I do understand that, I'm just wondering why the runtime doesn't raise an exception when trying to call the method retain on the class object. Is there a (dummy) class method declared by NSObject called retain? If so, it's not documented. Am I missing something?

Thanks for the link by the way.

I'm afraid I don't understand what the problem is. Why would the runtime raise an exception?
BTW: The NSObject protocol does declare retain.

Wittegijt

Nutter
Feb 26, 2007, 03:35 AM
The NSObject protocol declares retain as an instance method, not a class method! Or at least it appears to...

The runtime raises an exception when you send a message to a method that doesn't exist. Try it yourself - find one of your own objects, and send a message to invoke an instance method to the class. For example:

[FooClass doFoo];

You will get an exception. However, attempt to call any instance method declared by NSObject and nothing will happen:

[FooClass retain];

Why is that? Is NSObject declaring every single one of these methods as class methods as well?

wittegijt
Feb 26, 2007, 04:54 AM
The NSObject protocol declares retain as an instance method, not a class method! Or at least it appears to...

The runtime raises an exception when you send a message to a method that doesn't exist. Try it yourself - find one of your own objects, and send a message to invoke an instance method to the class. For example:

[FooClass doFoo];

You will get an exception. However, attempt to call any instance method declared by NSObject and nothing will happen:

[FooClass retain];

Why is that? Is NSObject declaring every single one of these methods as class methods as well?

Of course it's an instance method! What would be the use of reference counting a class? There will be only one class object for every class, no? And the [MyClass class] method returns an instance, not a class object!

Wittegijt

Nutter
Feb 26, 2007, 05:03 AM
No, [MyClass class] returns a pointer to the class object itself.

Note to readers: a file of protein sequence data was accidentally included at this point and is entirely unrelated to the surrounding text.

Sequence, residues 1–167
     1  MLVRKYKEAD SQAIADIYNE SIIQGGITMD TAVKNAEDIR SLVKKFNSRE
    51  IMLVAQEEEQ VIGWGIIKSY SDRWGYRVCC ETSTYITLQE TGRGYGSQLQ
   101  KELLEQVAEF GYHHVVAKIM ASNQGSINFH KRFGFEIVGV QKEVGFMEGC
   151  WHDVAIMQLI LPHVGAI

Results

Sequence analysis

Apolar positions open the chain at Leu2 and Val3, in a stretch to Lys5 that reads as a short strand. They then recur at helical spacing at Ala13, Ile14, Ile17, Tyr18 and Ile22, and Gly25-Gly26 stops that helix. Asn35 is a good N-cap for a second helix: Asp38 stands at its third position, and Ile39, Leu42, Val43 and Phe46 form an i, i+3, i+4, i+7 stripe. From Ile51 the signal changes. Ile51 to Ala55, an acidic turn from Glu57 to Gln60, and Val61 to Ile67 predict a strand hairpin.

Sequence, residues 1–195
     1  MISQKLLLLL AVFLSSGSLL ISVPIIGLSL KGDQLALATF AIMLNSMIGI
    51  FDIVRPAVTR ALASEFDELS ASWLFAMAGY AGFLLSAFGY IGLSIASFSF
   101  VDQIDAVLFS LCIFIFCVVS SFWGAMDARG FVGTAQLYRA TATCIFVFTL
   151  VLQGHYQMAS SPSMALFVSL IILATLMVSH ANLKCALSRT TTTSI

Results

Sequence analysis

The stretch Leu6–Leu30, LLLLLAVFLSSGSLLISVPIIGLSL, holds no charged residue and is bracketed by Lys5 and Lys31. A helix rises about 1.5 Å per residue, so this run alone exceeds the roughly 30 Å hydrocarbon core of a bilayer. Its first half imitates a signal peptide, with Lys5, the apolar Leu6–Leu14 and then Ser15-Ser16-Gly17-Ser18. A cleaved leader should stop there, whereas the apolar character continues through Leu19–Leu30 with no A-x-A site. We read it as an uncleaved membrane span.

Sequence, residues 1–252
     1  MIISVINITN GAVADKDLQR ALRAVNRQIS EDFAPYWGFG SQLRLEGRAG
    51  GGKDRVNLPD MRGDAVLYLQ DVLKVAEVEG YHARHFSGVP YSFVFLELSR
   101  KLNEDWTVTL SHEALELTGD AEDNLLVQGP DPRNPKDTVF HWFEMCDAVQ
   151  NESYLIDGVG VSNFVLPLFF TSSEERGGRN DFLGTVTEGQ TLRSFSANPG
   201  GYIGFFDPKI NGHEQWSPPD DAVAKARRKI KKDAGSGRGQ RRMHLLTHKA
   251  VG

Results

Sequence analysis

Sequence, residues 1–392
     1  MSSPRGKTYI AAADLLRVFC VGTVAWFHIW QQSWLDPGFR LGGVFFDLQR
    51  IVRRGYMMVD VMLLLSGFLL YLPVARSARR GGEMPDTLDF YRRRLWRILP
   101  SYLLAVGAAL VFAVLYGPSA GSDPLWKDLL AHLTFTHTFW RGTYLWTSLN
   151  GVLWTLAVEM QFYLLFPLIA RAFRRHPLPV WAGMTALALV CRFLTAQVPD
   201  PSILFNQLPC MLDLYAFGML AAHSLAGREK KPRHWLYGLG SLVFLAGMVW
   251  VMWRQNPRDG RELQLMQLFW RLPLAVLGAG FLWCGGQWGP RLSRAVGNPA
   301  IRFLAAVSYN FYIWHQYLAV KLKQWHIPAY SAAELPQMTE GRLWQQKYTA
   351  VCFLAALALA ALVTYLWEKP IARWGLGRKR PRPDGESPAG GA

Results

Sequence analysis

I've found the answer: "Instance methods defined in the root class can be performed both by instances and by class objects." (http://developer.apple.com/documentation/Cocoa/Conceptual/CocoaFundamentals/index.html#//apple_ref/doc/uid/TP40002974)

It's annoying that Apple doesn't mention this in the NSObject reference.

wittegijt
Feb 26, 2007, 05:15 AM
Ok, good find. Thanks.

Wittegijt

Krevnik
Feb 26, 2007, 03:12 PM
No, [MyClass class] returns a pointer to the class object itself.

I've found the answer: "Instance methods defined in the root class can be performed both by instances and by class objects." (http://developer.apple.com/documentation/Cocoa/Conceptual/CocoaFundamentals/index.html#//apple_ref/doc/uid/TP40002974)

It's annoying that Apple doesn't mention this in the NSObject reference.

Although, intuitively, this makes a lot of sense.

Instances are objects that follow the protocol laid out by the class. Class objects are also objects, that follow the protocol laid out by the runtime. Class objects can be retained and released, as they are simply objects. But, there might be special behavior so that only the runtime can actually cause a class object to be deallocated. If not, you might be able to have fun crashing an app with:

[[NSObject class] release];

When dealing with Obj-C, I find it is better if I think in the Java/C# mindset than the C++ mindset. Objective-C provides a very robust runtime that C++ never thought about providing (since it was a OOP hack onto C to 'go where the business was wanting to go').